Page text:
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About the Research Seed Grant program

The Boston Area Research Initiative (BARI) provides research seed grant funding for graduate students conducting original data-oriented research on the Boston area, at the intersection of scholarship and policy. Applications can be submitted by students at any local university. Special consideration is given to projects that examine or address questions with regional significance to greater Boston, beyond any one municipal border, such as inequality and social mobility, though we accept applications on other themes as well.

Regardless of topical theme, the program supports two types of projects:

  • Pioneering work that translates a novel digital data set available from a public or private source into a research-ready form that can provide insights on human behavior and society.
  • Projects that seek to develop, implement, or evaluate new programs that incorporate research insights into policy or practice.

For all funded projects, new data sets and associated documentation will be published through BARI’s Boston Data Portal when the project is completed. Examples of past projects can be found here.

Applicants may request up to $5,000, which can be used for any project-related expenses, including materials, software, participant recruitment, or student stipend. Applicants will be required to demonstrate a commitment by their home institution to provide support for their project, in any appropriate form: faculty time, promotion, convening, matching funds, etc. Applicants will be required to submit a letter from a sponsor at their home institution detailing this support.

BARI has a strong commitment to diversity–we encourage applications from persons with a wide range of backgrounds and experiences.

Applying for the Research Seed Grants

Apply today for a 2020-2021 Research Seed Grant!

Deadline: Monday, July 27th, 2020

Applications will be accepted at and should include:

  • Cover letter;
  • Summary of the proposed project, including its potential scholarly and practical impacts, and the data and/or partners it centers on;
  • Proposed budget;
  • Letter of support from home institution;
  • Curriculum vitae;
  • Contact information for faculty mentor who will oversee project;
  • If necessary, Letter of Commitment from partner providing data or collaborating on project.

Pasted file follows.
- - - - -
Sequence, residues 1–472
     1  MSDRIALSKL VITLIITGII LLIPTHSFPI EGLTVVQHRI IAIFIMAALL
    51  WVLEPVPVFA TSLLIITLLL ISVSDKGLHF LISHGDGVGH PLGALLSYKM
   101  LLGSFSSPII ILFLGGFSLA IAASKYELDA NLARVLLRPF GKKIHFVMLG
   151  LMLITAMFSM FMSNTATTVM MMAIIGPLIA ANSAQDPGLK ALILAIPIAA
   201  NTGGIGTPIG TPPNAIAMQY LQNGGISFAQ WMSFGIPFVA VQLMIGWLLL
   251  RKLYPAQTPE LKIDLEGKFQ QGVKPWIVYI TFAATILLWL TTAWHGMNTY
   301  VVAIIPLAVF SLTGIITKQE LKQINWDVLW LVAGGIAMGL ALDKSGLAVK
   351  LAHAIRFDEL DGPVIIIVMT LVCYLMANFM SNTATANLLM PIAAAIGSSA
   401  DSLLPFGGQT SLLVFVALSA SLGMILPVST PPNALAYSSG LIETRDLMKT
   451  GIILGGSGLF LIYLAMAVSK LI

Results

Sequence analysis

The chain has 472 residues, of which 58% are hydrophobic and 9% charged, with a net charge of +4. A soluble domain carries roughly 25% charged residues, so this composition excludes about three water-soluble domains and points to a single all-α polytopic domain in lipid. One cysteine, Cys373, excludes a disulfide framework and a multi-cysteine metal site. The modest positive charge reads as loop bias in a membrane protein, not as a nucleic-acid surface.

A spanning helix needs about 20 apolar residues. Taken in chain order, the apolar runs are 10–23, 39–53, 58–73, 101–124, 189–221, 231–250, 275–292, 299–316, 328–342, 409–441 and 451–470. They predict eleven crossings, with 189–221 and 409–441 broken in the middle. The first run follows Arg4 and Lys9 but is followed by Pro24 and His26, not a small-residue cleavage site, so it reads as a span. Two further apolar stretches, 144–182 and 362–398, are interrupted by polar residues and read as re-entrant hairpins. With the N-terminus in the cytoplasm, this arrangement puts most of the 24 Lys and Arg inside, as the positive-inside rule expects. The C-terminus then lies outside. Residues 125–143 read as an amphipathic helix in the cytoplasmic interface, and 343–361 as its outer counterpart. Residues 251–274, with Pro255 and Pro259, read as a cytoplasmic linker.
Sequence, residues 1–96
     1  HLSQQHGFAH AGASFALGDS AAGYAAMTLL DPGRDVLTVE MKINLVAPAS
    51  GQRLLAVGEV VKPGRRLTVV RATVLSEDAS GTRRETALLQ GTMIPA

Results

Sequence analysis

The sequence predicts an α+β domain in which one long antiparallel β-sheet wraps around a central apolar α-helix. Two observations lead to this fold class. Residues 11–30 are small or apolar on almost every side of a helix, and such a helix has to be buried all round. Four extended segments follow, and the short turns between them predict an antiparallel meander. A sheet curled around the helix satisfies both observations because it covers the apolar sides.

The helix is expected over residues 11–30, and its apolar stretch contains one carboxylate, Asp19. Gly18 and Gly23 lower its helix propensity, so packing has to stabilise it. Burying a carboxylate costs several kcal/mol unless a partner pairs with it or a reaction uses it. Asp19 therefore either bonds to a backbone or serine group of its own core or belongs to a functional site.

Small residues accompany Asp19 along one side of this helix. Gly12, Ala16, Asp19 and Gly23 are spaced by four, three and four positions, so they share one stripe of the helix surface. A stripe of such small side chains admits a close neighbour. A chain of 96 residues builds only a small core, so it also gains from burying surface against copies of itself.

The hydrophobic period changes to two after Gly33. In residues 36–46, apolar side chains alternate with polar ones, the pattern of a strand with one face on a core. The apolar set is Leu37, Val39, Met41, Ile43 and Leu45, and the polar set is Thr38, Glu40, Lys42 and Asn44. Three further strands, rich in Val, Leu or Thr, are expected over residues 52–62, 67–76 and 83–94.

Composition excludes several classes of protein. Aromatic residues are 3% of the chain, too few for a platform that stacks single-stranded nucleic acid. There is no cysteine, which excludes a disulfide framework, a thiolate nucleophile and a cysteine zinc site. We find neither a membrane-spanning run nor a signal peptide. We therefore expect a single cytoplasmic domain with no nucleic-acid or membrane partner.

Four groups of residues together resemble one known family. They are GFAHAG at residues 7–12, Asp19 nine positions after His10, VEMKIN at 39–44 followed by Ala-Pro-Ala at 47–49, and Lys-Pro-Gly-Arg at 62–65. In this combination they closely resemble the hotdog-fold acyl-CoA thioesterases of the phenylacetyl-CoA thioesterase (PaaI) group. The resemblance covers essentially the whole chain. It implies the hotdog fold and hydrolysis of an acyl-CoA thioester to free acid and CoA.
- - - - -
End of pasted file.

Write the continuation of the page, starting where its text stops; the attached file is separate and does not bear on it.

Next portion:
The BARI Research Seed Grant program is made possible in part by support from Boston Indicators at The Boston Foundation, the Barr Foundation, and the Herman and Frieda L. Miller Foundation.

The following projects received funding from BARI’s Research Seed Grant program for the 2019-2020 Academic Year:

Climate’s Silent Killer? East Boston Community Extreme Heat Mapping Pilot Project
Sajani Kandel and Debra Butler, UMass Boston

The research applies transdisciplinary approach to bridge science, policy and people using technology as the currency of capacity building in for resiliency planning. The researchers will partner with six different neighborhood associations already engaged in climate change planning in East Boston, leveraging community activism through interactions encouraging citizens to reflect, identify, map and analyze “high temperature spot” data in neighborhoods. The goal of the research is to identify extremely high temperature locations in neighborhoods using low cost community mapping tools. This research contributes to both technology-mediated citizen involvement and urban planning participation methods to advance inclusive collaborations that understand the layered challenges of “lived experiences” as a foundational element of effective climate change policy and management.

The Effect of Late Night Transportation on Crime in Boston
Petra Niedermayerova, Boston University

This study will evaluate the impact of late-night public transportation on the absolute level of crime as well as its spatial distribution in Boston. First, it will focus on the introduction of the Massachusetts Bay Transportation Authority’s (MBTA) Late Night Service (LNS), which extended the operation of the subway system on weekend nights. It will examine the MBTA’s ridership patterns, which will reveal any direct and behavioral effects of the LNS program. It will proceed by quantifying the impact on total late-night crime as well as its variation based on distance from MBTA stops and neighborhood characteristics. Second, this research will consider whether terminating MBTA Late Night Service effected crime, when a convenient substitute transportation, in the form of a door-to-door ride sharing service, was available.

Understanding Spatial Access to Medication Assisted Treatment for Opioid Use Disorder
Michael Williams, Northeastern University

Research has shown that one of the main contributors to the continuation of this crisis is due to a lack of access to effective treatment for opioid use disorder, especially for vulnerable or disenfranchised populations. This project will examine how access to medication assisted treatment is spatially distributed across the Greater Boston Area, a cost effective and efficacious treatment for opioid use disorder. This will include measures of travel time as well as attributes of the facilities such as patient capacity and insurance types accepted. This work focuses on a Boston specific crisis regarding spatially distributed inequality regarding access to effective treatment for opioid use disorder. Additionally, it will illuminate a critical gap in the literature as well as provide actionable insight to policy makers and government officials by leveraging a novel dataset created from both publicly available and private sources.